Ian Bailey will be entitled to have a new trial if he is extradited to France following his conviction for the murder of Sophie Toscan du Plantier, according to an expert in criminal law.
Mr Bailey, an English national living in Co Cork, was tried in Paris in absentia, and the evidence used to convict him for the 1996 killing was not challenged on his behalf.
He is expected to challenge the European Arrest Warrant that Ms Toscan de Plantier’s family has said will now be issued.
Any warrant seeking his extradition would have to be on the basis of a new trial being available to him where he would have a right to raise all the issues he wanted to and present new evidence, according to Limerick law lecturer Dr Andrea Ryan.
Dr Ryan, a director of the Centre for Crime, Justice and Victim Studies at the University of Limerick, said the Supreme Court ruled in 2012 that Mr Bailey could not be extradited on foot of a European Arrest Warrant issued during what was then the investigative phase of the French criminal process.
The court turned down the extradition request on two grounds: one was because the French system had not yet charged Mr Bailey; the second was that, because he was not an Irish citizen, he could not be extradited by Ireland for an “extra-territorial” prosecution process .
Both these situations have since changed.
A new warrant would be based on a conviction, and the law in Ireland changed, just last month, so that a person normally resident here can be extradited for non-territorial murder prosecutions.
The Supreme Court decided in 2012 not to rule on two other arguments that had been raised on behalf of Mr Bailey, and these could feature in any challenge to a new warrant.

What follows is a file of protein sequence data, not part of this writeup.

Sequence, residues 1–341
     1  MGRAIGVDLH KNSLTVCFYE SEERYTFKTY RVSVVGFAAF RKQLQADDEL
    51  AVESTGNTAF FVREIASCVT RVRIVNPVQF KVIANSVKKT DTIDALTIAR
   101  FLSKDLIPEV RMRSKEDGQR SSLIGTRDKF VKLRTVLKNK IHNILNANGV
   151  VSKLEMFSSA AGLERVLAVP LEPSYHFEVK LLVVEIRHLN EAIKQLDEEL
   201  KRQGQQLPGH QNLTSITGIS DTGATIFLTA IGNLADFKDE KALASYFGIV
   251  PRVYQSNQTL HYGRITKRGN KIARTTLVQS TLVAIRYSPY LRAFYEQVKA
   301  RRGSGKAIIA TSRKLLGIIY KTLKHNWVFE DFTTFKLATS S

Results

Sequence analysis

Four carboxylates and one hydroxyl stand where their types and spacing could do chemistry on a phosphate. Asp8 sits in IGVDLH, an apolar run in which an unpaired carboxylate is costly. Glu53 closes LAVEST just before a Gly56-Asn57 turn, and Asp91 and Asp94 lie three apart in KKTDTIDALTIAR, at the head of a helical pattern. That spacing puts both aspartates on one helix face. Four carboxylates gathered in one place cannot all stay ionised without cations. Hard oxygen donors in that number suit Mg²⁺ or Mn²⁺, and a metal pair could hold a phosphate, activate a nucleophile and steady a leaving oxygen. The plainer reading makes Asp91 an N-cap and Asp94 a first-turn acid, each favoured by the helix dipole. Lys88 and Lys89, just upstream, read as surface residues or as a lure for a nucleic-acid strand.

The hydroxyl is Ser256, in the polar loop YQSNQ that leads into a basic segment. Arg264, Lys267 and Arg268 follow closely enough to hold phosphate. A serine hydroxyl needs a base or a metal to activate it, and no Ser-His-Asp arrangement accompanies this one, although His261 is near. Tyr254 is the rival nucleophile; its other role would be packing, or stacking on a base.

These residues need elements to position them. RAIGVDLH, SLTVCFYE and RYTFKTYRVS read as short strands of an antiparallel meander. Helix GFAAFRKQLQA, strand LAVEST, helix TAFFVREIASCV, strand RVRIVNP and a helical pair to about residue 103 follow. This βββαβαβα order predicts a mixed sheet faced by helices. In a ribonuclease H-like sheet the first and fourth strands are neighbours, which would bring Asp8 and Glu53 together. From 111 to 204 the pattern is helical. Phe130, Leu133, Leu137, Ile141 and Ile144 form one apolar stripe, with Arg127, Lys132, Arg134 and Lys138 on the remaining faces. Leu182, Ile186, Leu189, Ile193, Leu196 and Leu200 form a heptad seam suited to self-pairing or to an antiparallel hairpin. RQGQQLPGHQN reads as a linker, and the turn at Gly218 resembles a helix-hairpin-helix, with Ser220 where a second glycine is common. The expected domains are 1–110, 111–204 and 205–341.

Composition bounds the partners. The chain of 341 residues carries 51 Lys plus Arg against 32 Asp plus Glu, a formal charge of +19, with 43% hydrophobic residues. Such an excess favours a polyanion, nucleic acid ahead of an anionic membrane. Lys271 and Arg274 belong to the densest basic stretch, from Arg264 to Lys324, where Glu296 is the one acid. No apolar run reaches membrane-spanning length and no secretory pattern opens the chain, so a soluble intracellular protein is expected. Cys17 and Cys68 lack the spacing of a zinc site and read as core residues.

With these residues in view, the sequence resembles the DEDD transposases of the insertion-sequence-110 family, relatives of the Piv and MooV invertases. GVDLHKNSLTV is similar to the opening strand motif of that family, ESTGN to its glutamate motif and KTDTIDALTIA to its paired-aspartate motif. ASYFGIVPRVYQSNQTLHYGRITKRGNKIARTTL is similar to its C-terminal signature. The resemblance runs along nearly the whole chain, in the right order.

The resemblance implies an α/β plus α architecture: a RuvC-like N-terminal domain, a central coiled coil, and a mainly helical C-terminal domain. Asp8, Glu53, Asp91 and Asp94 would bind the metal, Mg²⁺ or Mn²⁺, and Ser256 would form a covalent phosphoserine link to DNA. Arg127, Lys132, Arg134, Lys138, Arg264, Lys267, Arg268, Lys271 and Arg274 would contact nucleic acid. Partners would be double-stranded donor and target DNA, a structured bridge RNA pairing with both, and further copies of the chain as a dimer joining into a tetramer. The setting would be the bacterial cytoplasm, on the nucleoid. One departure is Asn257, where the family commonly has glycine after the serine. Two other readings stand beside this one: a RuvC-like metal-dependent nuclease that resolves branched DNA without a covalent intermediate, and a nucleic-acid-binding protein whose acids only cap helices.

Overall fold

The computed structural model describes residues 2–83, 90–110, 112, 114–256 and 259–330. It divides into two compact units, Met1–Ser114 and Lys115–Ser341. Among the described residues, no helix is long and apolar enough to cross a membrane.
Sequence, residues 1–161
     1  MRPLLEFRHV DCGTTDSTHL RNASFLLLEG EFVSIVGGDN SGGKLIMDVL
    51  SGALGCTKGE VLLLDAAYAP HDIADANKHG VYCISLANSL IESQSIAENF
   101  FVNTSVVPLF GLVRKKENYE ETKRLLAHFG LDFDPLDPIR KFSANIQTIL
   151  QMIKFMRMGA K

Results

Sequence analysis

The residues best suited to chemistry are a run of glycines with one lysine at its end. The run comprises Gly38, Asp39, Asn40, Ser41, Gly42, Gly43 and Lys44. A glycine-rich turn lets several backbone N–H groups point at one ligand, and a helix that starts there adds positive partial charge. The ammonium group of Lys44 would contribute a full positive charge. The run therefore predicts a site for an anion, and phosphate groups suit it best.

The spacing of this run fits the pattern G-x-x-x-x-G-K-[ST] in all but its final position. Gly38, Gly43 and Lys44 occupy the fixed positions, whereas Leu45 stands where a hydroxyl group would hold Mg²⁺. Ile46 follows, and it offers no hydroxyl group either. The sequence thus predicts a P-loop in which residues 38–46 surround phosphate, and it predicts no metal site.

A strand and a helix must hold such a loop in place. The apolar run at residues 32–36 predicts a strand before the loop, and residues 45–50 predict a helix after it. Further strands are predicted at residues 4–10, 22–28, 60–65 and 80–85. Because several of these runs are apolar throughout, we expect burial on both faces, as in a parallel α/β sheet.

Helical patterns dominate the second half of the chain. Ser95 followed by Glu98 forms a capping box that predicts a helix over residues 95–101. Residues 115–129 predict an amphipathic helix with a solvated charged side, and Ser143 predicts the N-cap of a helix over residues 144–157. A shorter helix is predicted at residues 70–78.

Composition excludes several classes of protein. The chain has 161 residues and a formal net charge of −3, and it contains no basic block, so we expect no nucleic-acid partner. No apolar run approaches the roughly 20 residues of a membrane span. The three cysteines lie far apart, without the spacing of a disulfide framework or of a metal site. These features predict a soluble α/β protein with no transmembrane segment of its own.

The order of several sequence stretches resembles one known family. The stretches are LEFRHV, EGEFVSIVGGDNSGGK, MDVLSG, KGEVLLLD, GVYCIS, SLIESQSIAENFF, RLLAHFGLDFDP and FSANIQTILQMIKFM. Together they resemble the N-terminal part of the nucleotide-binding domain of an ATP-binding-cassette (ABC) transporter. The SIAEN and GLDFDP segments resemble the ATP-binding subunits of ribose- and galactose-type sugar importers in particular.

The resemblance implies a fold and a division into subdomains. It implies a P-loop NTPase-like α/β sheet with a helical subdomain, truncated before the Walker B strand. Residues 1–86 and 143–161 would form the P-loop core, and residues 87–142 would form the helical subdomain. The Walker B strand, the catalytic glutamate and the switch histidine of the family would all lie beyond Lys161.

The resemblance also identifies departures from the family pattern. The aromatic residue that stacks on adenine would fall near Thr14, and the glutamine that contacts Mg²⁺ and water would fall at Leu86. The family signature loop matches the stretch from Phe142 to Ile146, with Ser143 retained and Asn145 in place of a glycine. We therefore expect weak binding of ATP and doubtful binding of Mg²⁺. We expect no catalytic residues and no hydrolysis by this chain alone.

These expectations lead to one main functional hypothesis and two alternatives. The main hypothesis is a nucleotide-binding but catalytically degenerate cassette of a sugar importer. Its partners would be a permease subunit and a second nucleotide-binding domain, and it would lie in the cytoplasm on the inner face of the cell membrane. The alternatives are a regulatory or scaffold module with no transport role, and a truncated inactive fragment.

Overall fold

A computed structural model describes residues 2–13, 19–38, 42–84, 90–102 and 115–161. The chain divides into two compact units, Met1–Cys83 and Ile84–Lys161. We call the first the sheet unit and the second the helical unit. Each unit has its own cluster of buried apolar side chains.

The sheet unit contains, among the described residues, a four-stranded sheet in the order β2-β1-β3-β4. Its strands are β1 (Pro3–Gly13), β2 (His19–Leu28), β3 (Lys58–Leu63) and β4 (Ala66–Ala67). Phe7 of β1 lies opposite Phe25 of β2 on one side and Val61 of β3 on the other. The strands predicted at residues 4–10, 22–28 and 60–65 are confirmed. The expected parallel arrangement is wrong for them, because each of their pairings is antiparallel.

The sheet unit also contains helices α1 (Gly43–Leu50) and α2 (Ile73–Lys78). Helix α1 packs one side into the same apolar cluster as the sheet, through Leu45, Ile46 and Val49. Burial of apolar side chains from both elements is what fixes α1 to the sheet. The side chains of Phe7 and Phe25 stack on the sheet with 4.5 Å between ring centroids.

These are that it would be a breach of Mr Bailey’s fundamental rights for him to be extradited, and that the Director of Public Prosecutions had already decided that proceedings should not be brought against him.
Dr Ryan said she suspected the matter was likely to end up before the Supreme Court again.
She said the whole idea of the European Arrest Warrant system was that, while systems might differ in how they worked, each jurisdiction trusted the other.
She said that even if the Irish courts refused to extradite Mr Bailey, the warrant would remain live and would “flash up in the system” as soon as he crossed a border. “So he is effectively a prisoner on the island for the moment.”
Speaking on RTÉ radio’s This Week, Alain Spilliaert, a lawyer acting for Ms Toscan du Plantier’s family, said the next step was for a warrant to be issued and that it was a different situation now that Mr Bailey had been convicted “after what is considered to be a fair trial, in absentia”.